Restoring Rothesay Pavilion
Scotland's island pleasure palace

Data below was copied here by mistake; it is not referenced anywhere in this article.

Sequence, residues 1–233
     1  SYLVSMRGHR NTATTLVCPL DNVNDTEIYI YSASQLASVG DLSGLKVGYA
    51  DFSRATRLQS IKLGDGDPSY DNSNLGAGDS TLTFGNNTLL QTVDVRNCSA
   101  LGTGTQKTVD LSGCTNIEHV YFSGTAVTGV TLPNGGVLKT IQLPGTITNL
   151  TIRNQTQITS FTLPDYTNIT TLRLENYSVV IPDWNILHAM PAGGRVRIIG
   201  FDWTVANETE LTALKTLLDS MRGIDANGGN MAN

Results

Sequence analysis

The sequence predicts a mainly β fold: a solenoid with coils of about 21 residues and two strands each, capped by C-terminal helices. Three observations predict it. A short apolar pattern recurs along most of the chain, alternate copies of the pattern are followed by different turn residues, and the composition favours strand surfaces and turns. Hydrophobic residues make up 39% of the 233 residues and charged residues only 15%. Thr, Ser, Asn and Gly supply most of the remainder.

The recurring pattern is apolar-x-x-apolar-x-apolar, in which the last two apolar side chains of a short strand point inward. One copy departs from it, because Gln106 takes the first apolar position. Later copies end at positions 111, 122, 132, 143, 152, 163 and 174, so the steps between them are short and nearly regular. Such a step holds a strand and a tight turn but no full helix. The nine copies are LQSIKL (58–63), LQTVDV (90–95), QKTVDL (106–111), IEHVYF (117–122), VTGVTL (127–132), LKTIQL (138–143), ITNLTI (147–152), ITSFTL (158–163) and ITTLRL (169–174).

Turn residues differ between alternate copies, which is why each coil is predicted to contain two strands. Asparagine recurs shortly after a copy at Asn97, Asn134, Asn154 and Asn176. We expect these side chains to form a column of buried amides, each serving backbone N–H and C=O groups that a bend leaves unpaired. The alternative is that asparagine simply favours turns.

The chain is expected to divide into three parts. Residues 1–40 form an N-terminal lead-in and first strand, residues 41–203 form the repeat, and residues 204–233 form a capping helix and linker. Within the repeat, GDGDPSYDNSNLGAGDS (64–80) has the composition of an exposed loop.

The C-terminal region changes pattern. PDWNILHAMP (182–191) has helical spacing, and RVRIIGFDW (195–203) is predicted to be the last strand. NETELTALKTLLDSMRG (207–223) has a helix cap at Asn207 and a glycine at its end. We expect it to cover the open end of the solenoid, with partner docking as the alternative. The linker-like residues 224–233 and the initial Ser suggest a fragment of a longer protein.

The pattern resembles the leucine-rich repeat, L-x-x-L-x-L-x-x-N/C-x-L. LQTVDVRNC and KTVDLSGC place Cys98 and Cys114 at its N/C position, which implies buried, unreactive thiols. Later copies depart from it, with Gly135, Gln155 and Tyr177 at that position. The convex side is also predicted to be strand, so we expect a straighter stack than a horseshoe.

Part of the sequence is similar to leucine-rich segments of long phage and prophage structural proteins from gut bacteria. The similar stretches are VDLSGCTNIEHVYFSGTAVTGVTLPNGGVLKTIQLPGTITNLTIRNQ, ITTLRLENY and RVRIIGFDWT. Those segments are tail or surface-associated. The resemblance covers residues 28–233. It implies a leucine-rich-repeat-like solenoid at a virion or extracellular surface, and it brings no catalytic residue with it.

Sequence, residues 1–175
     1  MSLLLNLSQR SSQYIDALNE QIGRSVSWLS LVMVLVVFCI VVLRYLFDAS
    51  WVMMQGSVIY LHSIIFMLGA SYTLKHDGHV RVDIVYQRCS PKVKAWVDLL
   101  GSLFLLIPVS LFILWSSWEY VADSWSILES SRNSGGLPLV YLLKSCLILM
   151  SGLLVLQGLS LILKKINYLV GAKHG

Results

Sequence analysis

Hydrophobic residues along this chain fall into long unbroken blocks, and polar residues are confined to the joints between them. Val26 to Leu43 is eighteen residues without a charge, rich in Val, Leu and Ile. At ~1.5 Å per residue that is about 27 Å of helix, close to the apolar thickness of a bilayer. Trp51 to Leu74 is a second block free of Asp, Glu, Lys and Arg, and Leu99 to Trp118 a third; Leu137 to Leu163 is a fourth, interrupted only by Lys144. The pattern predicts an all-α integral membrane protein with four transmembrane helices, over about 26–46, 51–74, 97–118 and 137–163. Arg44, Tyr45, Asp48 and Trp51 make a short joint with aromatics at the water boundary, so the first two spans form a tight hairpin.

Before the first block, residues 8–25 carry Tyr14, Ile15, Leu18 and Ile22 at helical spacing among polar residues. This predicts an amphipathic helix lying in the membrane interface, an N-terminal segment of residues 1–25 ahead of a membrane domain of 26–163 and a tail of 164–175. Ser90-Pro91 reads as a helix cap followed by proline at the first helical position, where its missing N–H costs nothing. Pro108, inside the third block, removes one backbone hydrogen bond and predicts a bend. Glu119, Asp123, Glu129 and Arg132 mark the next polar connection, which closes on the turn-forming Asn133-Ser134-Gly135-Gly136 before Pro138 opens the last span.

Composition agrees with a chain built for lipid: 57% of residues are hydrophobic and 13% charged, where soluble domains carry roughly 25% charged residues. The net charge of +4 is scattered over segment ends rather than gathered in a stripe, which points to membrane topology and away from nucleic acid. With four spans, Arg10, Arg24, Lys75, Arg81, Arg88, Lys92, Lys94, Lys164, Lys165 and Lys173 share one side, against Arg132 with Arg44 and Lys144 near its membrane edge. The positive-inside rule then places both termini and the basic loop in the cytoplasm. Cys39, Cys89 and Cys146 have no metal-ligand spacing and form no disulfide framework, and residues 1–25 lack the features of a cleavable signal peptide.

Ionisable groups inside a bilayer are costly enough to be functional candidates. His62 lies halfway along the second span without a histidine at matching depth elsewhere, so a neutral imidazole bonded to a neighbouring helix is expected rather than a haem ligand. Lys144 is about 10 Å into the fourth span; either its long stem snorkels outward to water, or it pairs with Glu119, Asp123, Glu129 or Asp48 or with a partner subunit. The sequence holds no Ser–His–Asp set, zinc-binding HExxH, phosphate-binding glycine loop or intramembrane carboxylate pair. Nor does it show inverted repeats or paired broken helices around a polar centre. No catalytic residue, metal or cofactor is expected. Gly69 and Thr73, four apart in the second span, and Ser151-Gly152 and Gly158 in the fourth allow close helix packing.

Recently named as one of the most important Scottish buildings of the last century, Rothesay Pavilion lies at the heart of the island community of Bute. Designed by award-winning architect James Carrick, it is a brilliant example of 1930s international modernism and has served Bute and its visitors since its opening as everything from grand ballroom and concert hall to wedding venue, civic centre and sports hall. It has hosted tea dances and big band concerts, community pantomimes, rock concerts, conferences, football tournaments, horticultural shows, birthday parties and political gatherings. After nearly eighty years of continuous and sustained use, battered by the elements on its seafront location, this iconic edifice is showing its age, and in 2010 Rothesay Pavilion was placed on the 'buildings at risk' register. Shortly after, a plan was launched to rescue the Pavilion and a new charity formed in 2014 to lead the restoration project. Multiple funders came on board and in September 2015 the Pavilion closed its doors to the public. Four months later work started on site, the beginning of a complicated and phased project that will take more than two years to complete with the reopening planned for the summer of 2018 - just in time to celebrate Rothesay Pavilion's 80th anniversary.